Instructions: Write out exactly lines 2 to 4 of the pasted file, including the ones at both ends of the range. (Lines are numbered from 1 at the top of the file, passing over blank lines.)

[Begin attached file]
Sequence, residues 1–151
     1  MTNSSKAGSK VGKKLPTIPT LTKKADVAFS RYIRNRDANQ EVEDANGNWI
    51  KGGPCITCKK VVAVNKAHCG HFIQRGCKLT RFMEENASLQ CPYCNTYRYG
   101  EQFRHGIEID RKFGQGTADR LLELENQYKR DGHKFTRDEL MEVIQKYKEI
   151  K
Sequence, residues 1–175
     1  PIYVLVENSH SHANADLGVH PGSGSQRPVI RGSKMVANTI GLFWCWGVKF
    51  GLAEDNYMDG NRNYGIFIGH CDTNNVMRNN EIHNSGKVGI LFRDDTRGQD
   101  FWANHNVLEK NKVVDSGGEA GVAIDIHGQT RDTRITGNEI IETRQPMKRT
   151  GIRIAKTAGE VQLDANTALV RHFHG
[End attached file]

     1  MTNSSKAGSK VGKKLPTIPT LTKKADVAFS RYIRNRDANQ EVEDANGNWI
    51  KGGPCITCKK VVAVNKAHCG HFIQRGCKLT RFMEENASLQ CPYCNTYRYG
   101  EQFRHGIEID RKFGQGTADR LLELENQYKR DGHKFTRDEL MEVIQKYKEI